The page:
Despite all the many multi-tiered social networking platforms available today, face-to-face networking is the single most effective way to meet the greatest number of qualified prospects in the shortest amount of time while providing the greatest potential to most significantly impact the bottom-line. There is absolutely nothing which will ever replace the value of a face-to-face, handshake to (warm) handshake connection.
Attending any business networking event suggests that you have made a personal and possibly a financial investment to be there. Woody Allen and others, asserts that 90% of success is simply “showing up!” This places a huge emphasis on the remaining 10% of ‘what you do once you are there.’
Therefore, the common practice of going through the motions and merely “showing up … putting in an appearance’ and leaving after 15 minutes is doing yourself a complete disservice as you miss the big opportunity to forge connections that you may not otherwise ever have the opportunity to initiate. Such behavior is further insulting to your host.
Networking presents a unique opportunity to personally meet others previously unknown to you, re-acquaint with others while establishing yourself as a resource and reinforcing your brand. Given that 94.7% percent of all adults experience anxiety before a networking event we offer the following seven How to Stand Apart tips to help channel some of that nervous energy into positive energy… something to which we as human beings, are naturally drawn.
7 Top Tips on How to Stand Apart when Networking
1. Obtain a copy of the guest list and embark in further research to have a point of reference and connection. Perhaps most importantly, learn and practice how to properly pronounce names.
2. Eat before you go. Respectfully, no one invites you anywhere because they think you look hungry and need to be fed! You are invited because someone believes you have something valuable to contribute and it is your responsibility to contribute to the overall success of the event.
*Hold cocktails in your left hand leaving your right hand free to shake hands; cocktail napkin – always.
3. Dress appropriately. Dark colors are appropriate. Ladies – wear something with large pockets: one for in-coming and one for out-going business cards. Before you make your entrance, do an overall check: tie or scarf, dandruff, stray hairs, teeth, buttons and zippers… pop a breath mint – we are in the “people business!” AND wash your hands thoroughly with warm water and soap and dry them thoroughly to eliminate the body oils which encourage “clammy hands” the “kiss of death!”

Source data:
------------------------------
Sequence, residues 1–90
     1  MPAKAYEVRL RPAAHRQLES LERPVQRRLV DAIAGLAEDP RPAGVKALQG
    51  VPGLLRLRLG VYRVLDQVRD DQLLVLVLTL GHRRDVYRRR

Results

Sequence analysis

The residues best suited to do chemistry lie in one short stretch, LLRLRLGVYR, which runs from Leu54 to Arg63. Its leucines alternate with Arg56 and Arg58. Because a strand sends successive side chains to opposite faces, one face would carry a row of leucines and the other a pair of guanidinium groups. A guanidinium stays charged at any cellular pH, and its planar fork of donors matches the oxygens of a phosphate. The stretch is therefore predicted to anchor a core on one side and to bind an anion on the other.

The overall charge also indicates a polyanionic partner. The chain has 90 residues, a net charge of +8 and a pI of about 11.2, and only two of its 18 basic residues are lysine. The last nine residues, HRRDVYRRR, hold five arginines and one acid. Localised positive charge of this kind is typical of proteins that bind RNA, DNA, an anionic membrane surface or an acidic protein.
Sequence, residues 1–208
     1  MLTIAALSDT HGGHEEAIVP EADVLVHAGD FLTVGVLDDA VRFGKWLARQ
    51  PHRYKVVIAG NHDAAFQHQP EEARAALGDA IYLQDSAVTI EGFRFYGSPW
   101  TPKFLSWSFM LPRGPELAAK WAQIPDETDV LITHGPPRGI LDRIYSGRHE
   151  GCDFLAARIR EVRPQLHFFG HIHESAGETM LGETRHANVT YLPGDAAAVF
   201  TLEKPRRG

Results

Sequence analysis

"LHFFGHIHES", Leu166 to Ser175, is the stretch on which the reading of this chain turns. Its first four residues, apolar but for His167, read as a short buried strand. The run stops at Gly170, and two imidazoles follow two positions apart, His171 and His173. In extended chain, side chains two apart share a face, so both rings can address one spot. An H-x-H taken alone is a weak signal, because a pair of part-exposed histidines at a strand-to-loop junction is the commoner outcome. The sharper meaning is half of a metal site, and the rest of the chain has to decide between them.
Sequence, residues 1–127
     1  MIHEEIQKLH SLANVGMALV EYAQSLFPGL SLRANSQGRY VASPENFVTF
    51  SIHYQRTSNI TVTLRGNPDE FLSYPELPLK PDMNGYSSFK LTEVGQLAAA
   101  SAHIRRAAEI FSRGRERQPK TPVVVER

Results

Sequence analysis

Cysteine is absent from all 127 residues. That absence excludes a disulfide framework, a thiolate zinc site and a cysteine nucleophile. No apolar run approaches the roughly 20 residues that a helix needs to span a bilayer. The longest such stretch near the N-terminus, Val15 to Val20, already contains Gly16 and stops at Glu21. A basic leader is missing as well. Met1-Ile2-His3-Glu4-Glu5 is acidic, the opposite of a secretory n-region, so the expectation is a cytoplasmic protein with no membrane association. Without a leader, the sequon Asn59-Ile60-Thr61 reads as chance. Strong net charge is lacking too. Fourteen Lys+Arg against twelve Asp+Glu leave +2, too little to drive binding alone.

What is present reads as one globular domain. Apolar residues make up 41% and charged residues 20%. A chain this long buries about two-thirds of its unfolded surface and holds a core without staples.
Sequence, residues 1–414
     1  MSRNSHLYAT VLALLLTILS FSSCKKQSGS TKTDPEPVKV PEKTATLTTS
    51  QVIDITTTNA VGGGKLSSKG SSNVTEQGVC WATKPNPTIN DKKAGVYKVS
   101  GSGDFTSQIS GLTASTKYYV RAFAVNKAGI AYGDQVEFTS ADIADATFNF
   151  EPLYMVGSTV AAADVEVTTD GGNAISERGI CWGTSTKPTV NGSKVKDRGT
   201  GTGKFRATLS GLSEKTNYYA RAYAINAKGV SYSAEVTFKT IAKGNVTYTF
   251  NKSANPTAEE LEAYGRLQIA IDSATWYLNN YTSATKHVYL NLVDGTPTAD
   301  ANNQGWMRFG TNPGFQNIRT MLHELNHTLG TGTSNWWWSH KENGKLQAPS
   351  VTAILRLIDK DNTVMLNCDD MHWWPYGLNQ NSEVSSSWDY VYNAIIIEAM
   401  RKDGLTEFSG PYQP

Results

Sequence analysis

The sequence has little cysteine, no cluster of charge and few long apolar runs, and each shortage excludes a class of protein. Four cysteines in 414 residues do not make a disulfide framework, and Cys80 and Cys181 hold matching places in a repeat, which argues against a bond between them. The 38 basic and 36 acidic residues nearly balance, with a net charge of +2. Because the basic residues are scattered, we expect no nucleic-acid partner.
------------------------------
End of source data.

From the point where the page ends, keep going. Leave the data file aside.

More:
4. Make your entrance. Be mindful that nearly everyone watches the entrance. Use it – to your advantage. Project positive energy, something to which other people naturally migrate. Walk purposefully and adopt the mindset that this is your event, as if those present are your guests in your living room; you own the room.
5. Have a tag line prepared for this venue and be adept at small talk which artfully helps break the ice, place others at ease and advance relationships. Small talk is really ‘huge talk,’ and anything out is fair game for conversation. Be current on industry events including (their) company news. Remember to ask open-ended questions, all about them and be sure to ask how you can help them. In so doing, you position yourself as a resource.
6. Read the room and circulate. Resist the temptation to “cluster” with those you already know and approach singles, three’s or more; they are open to approach. Someone standing alone is silently screaming, “Help! Someone, save me!… Talk to me!” and in a group of three, while two people are usually engaged the third person is ‘out’ feeling the same way.
That said, doubles may not necessarily be “happily engaged.” … You may have done such a great job making them feel acknowledged that you now have created the infamous “clinger-on- er”. Therefore, walk slowly past two’s giving them the opportunity to signal for an assist.
7. Disengage tactfully. After investing three to five minutes (seven minutes max) … it’s time to move on. Say, “it was a pleasure meeting you, … I have enjoyed our time together. … There are a few people on the other side of the room with whom I would like to connect … if we don’t find each other before the end of the event perhaps we could catch-up within the next few weeks, or months …or years!” Leave it open-ended. Promise nothing. Say what you mean and mean what you say. Remember, we are forever endeavoring to earn trust to advance relationships. It would then be gracious of you to introduce them to someone else and not leave them alone, stranded (!) … reference to the proverbial “pass-off!”
Finally, walk whomever you are speaking with to the door, actually, outside the door – to take advantage of the opportunity to engage in “real talk” as in the “meeting after the meeting” where it all comes together. Here, you may comfortably ask for the luncheon, the golf game, etc. and advance the relationship, which is always the goal.
Final Networking Tips:
- Project positive energy.
- Share personal information however, not too much personal information.
- Make/take personal notes about individuals and use this information in subsequent communication to advance relationships … the purpose of the event!
- Write thank you notes.
- Follow up: The fortune is in the follow-up!